The five undergraduate students in the Linking Music Theory and Practice project presented their work to an enthusiastic audience last spring. This issue of Think Theory! publishes their lecture-recitals with multimedia elements. Links below lead to each student’s essay.
Georgia Hastie: Weber, Clarinet Concerto in F Minor, Op. 73
Katherine Scholl: Berio, Sequenza I for flute
Benjamin Thompson: Thompson, “Keep Moving” for piano and big band
Yutaro Yazawa: Childs, Sonata for Solo Trombone
Sophia Zervas: Ravel, Miroirs
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Matthew Arndt (M.M. Composition, 2001) is currently Associate Professor of Music Theory at the University of Iowa. He also teaches composition and musicianship at the Society of St. Romanos the Melodist Orthodox Music Masterclass. In 2018, he had his first book, The Musical Thought and Spiritual Lives of Heinrich Schenker and Arnold Schoenberg, published with Routledge, had a premiere by Cappella Romana of the collaborative composition Heaven and Earth (in press with Musica Russica), and had an article on a renewed conception of formal function published in Music Theory Spectrum. One of his current projects is a study of elaboration in three-voiced chant from the Republic of Georgia.
Karin Buer (M.M. Theory, 2010) presented her paper “Extramusical References and Private Meaning in Clara Schumann’s Variations on a Theme of Clara Schumann, Op. 20” at the “Performing Clara Schumann” Conference at Cornell University in November. She has also been accepted to present her research on Clara Schumann’s and Johannes Brahms’s “Schumann” Variations at the annual meeting of the Rocky Mountain chapter of the American Musicological Society. She continues to teach theory and aural skills courses at CU as a Lecturer in the College of Music.
Clay Downham (M.M. Theory, 2018) is a musician based in New Orleans, Louisiana. Performing on guitar and keyboards, he maintains weekly residencies at Prohibition on Bourbon Street, The Columns Hotel, and Greater Galilee Missionary Baptist Church in the historic Treme neighborhood of New Orleans. Clay presented research on Eric Dolphy, as well as George Russell’s Lydian Chromatic Concept, at conferences of the American Musicology Society & Society for Music Theory in 2018, and the Society for American Music in 2019. He is now redirecting his time towards creative musical pursuits.
Sarah Ellis (B.A. Music, B.A. Mathematics, 1994) is the Kenneth and Bernadine Russell Professor of Music Theory and Associate Director of the School of Music at the University of Oklahoma. In the past year she has had publications in Music Analysis and the Journal of Musicological Research. She is currently working on an article project on music by Clara Wieck Schumann, whose music was introduced to her in the previous century by Dr. Steven Bruns.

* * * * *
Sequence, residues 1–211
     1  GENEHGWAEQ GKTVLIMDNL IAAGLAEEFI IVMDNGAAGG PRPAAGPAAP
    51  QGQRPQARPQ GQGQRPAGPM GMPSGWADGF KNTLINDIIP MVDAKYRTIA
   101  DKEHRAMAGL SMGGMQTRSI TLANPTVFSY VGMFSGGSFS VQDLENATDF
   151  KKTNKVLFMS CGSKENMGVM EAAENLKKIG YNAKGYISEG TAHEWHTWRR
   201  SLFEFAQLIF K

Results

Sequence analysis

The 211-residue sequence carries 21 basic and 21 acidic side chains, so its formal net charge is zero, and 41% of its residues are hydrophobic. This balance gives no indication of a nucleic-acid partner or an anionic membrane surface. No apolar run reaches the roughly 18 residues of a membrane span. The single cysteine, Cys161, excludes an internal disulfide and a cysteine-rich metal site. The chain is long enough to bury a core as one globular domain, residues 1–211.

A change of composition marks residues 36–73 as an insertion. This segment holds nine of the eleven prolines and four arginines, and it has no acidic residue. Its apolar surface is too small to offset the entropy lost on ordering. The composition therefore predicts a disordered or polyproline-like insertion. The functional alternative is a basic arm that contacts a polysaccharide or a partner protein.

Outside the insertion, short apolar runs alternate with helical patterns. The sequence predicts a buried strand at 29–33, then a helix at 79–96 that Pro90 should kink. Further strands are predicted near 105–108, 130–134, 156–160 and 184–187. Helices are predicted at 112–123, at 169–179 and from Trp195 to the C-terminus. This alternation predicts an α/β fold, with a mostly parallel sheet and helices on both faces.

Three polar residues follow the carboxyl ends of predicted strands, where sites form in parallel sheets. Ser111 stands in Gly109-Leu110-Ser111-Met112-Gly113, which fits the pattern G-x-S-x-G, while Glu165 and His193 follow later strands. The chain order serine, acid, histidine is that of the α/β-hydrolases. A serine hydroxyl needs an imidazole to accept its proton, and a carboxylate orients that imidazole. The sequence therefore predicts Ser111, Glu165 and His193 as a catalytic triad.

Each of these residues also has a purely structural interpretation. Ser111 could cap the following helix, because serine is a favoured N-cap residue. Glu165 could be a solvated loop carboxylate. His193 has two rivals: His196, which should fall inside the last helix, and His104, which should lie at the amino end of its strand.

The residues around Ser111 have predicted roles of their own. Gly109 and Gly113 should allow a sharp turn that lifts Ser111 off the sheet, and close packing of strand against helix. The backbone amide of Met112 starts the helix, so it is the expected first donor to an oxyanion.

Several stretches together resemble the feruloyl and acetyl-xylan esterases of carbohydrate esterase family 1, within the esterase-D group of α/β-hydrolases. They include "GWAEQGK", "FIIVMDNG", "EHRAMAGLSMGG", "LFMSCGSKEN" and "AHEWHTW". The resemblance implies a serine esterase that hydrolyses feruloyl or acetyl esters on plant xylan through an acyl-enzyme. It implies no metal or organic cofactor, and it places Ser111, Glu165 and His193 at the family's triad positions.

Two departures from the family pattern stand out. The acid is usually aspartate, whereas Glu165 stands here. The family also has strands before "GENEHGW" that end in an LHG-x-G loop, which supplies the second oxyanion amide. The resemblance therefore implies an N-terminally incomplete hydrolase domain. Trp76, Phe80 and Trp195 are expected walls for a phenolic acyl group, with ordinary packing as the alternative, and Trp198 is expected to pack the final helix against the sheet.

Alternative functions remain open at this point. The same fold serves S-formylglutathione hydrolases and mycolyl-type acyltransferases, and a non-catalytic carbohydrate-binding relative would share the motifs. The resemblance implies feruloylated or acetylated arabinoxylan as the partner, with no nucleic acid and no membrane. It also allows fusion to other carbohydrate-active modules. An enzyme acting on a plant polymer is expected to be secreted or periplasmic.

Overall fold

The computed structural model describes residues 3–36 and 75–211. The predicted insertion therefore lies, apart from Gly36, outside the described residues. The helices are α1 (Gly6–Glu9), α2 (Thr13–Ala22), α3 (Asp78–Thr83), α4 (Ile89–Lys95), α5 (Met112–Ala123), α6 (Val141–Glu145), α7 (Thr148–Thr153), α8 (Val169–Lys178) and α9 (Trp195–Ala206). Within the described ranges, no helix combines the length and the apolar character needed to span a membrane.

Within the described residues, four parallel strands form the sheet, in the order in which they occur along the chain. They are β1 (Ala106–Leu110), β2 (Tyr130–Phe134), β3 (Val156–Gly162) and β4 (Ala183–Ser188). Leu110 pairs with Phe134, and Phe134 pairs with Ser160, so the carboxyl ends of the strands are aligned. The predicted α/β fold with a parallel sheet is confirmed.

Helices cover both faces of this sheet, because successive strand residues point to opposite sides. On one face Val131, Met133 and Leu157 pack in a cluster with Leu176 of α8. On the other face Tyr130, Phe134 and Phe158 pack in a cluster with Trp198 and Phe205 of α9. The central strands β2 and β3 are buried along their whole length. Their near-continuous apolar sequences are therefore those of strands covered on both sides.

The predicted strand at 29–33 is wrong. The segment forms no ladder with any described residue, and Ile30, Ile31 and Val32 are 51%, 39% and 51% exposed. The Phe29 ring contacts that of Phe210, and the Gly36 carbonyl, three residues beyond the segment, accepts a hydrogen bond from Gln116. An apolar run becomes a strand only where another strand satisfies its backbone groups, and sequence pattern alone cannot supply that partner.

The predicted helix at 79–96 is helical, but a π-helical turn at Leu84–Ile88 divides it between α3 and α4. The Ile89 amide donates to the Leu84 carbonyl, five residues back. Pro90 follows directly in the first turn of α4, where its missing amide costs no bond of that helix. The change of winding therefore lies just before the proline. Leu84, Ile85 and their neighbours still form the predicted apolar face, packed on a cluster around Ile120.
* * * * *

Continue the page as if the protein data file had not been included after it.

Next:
Michael Furry (M.M. Theory, 2013) is an adjunct faculty member at the University of Denver’s Lamont School of Music, teaching at both the undergraduate and graduate level. He has established relationships in the non-profit community of Denver, including Swallow Hill Music, assisting with their communication outreach workshops through the Denver Public Library System. His active performance schedule includes organizing and participating in volunteer performances at the Goddard School of Early Childhood Development and the Parkside Village Retirement Community. Michael performs with his bluegrass/folk/Americana group, Hilltop Harvest Band, and is a regular participant in guitar competitions: he is the 2018 Utah State Instrument flat-picking champion, the 2018 Utah State Instrument finger-picking runner-up, and the 2016 and 2017 RockyGrass Bluegrass Festival flat-picking runner-up. Performance highlights include Austin City Limits, South by Southwest, Wakarusa Music Festival, and the Ogden Bluegrass Festival.
Katie Mess (M.M. Theory, 2015) is adjunct instructor of flute at Rollins College, Second flutist with the Bach Festival Orchestra of Winter Park, and a member of the EPCOT Candlelight Orchestra at Walt Disney World. In addition to the flute studio at Rollins, she coaches the flute choir and new music ensemble, and teaches core music theory classes. Since graduating from CU, Katie has completed an MA in flute performance at the University of Central Florida where she studied with Nora Lee Garcia, and is currently a first-year DMA student in flute performance at the University of Florida where she studies with Kristen Stoner, in addition to pursuing a cognate in injury prevention with the department of Applied Physiology and Kinesiology.